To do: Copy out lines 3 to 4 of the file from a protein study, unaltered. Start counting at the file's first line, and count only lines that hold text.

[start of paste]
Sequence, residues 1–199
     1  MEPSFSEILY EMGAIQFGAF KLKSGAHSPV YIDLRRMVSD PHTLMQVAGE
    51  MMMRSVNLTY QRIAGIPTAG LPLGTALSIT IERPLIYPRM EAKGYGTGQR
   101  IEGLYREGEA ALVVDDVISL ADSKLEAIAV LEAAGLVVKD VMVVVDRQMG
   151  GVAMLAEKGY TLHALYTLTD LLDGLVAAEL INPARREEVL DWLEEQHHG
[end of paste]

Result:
    51  MMMRSVNLTY QRIAGIPTAG LPLGTALSIT IERPLIYPRM EAKGYGTGQR
   101  IEGLYREGEA ALVVDDVISL ADSKLEAIAV LEAAGLVVKD VMVVVDRQMG